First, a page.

Life after Compact
For Marshall Islands, achieving fiscal sustainability is a challenge upon expiration of the U.S. grants
In October, the U.S. Office of Insular Affairs remitted nearly $17 million to the Compact Trust Fund for the People of the Republic of the Marshall Islands. Such funding provision was in addition to $9 million in partial payment provided separately to Pacific nation for the use of Kwajalein Atoll, the site of the Ronald Reagan Ballistic Missile Defense Test Site, a key installation in the U.S. missile defense network.
“These funds represent the ongoing commitment of the U.S. government to the people of the Marshall Islands now and in the future under the Compact of Free Association,” U.S. Assistant Secretary for Insular Areas Doug Domenech said. “The funds were transferred as soon as possible in the new fiscal year to ensure timely opportunities for investment and maximum growth.”
As of June 30, the Trust Fund was valued at $341.6 million, a preliminary and unaudited figure for fiscal year 2017, according to Trust Fund Chairman and Office of Insular Affairs Director Nik Pula. The Trust Fund was established under the Compact of Free Association to contribute to the economic advancement and long-term budgetary self-reliance of Marshall Islands when annual grant assistance under the Compact expires after 2023. In return, the Marshall Islands provides the United States with unlimited and exclusive access to its land and waterways for strategic purposes.
But considering its heavy reliance on external development assistance, the Marshall Islands is poised to face the challenge of achieving fiscal sustainability upon expiration of the Compact grants.
The Asian Development Bank recently approved a $2 million grant to help strengthen public financial management in the Marshall Islands by enhancing the institutional capacity of the Ministry of Finance to effectively implement public financial management and state-owned enterprise reforms.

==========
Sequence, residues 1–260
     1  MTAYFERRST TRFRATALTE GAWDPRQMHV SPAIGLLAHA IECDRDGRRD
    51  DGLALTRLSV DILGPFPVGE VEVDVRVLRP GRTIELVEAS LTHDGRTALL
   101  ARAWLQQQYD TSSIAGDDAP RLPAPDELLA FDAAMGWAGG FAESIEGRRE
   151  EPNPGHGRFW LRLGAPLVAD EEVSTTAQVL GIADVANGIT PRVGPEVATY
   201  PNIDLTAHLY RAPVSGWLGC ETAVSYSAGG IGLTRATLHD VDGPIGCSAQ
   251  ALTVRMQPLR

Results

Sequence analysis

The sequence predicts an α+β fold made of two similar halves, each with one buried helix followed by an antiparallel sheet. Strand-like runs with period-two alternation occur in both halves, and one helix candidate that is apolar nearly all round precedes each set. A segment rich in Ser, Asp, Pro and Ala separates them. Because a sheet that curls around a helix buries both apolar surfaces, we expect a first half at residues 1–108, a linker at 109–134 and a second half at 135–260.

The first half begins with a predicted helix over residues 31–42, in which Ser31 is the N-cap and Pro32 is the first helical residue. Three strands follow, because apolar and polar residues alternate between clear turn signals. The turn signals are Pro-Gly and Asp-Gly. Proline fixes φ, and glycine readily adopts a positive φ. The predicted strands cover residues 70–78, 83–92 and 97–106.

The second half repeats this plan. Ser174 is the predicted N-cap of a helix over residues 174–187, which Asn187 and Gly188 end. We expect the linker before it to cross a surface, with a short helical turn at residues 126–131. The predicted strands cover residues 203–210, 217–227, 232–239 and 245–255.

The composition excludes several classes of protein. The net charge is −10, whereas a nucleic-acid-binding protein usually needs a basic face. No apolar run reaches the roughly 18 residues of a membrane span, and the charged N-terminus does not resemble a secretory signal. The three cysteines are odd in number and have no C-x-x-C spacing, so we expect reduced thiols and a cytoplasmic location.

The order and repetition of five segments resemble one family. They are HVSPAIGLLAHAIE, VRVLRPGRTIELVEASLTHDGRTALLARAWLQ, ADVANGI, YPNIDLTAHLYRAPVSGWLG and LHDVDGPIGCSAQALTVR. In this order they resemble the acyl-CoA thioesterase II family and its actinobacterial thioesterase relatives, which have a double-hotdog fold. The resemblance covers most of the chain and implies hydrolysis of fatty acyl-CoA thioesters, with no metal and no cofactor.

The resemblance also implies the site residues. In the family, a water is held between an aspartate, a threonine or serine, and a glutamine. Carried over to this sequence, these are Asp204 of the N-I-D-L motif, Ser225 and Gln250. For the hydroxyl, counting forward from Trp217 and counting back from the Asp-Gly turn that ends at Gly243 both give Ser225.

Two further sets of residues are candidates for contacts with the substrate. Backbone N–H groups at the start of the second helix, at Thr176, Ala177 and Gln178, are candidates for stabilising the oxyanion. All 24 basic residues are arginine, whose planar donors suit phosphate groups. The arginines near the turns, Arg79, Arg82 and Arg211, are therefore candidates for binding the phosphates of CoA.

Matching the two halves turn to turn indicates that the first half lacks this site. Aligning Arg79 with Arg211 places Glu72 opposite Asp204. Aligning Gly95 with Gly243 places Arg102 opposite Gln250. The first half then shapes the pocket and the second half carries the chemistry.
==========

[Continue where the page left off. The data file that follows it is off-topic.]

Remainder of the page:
The grant approval came amid a recent report about the illegal withdrawal of nearly $1 million from Marshall Islands’ Trust Fund. Officials have found a series of 12 unauthorized withdrawals totaling $982,265 from the fund at Boston’s State Street Bank to bank accounts in Ireland and Malaysia in June and July. According to local media reports, the withdrawals of $273,883 to Ireland were recovered but the $708,382 to accounts in Malaysia has yet to be returned.
Although the ADB grant was unrelated to the illegal removal of funds, Ananya Basu, principal economist from ADB’s Pacific Department, underscores the need for fiscal reforms in Marshall Islands. “Strong management of public finances and the improved performance of state-owned enterprises will strengthen the fiscal position,” Basu says.
ADB said the Public Financial Management Project is consistent with its Pacific Approach 2016-2020, aimed at helping the Ministry of Finance prioritize and implement the Marshall Islands’ public financial management’s reform roadmap. “Specifically, the project will establish a Reform Coordination Unit (RCU), consisting of national and international consultants reporting to the secretary for finance,” ADB says. “The RCU will strengthen the Ministry of Finance’s capacity to implement the roadmap through advice and training, in close coordination with development partners.”
The grant will also provide operational support to SOE reforms through the appointment of two experts who will concentrate on reforming inefficient SOEs by streamlining subsidies to match public service delivery costs. An SOE monitoring unit within the Ministry of Finance will be established by the project.
ADB has been working with the Government of the Marshall Islands since 1990 and has approved 14 loans for $92.63 million, six grants for $11.26 million, and 52 technical assistance projects worth $22.17 million.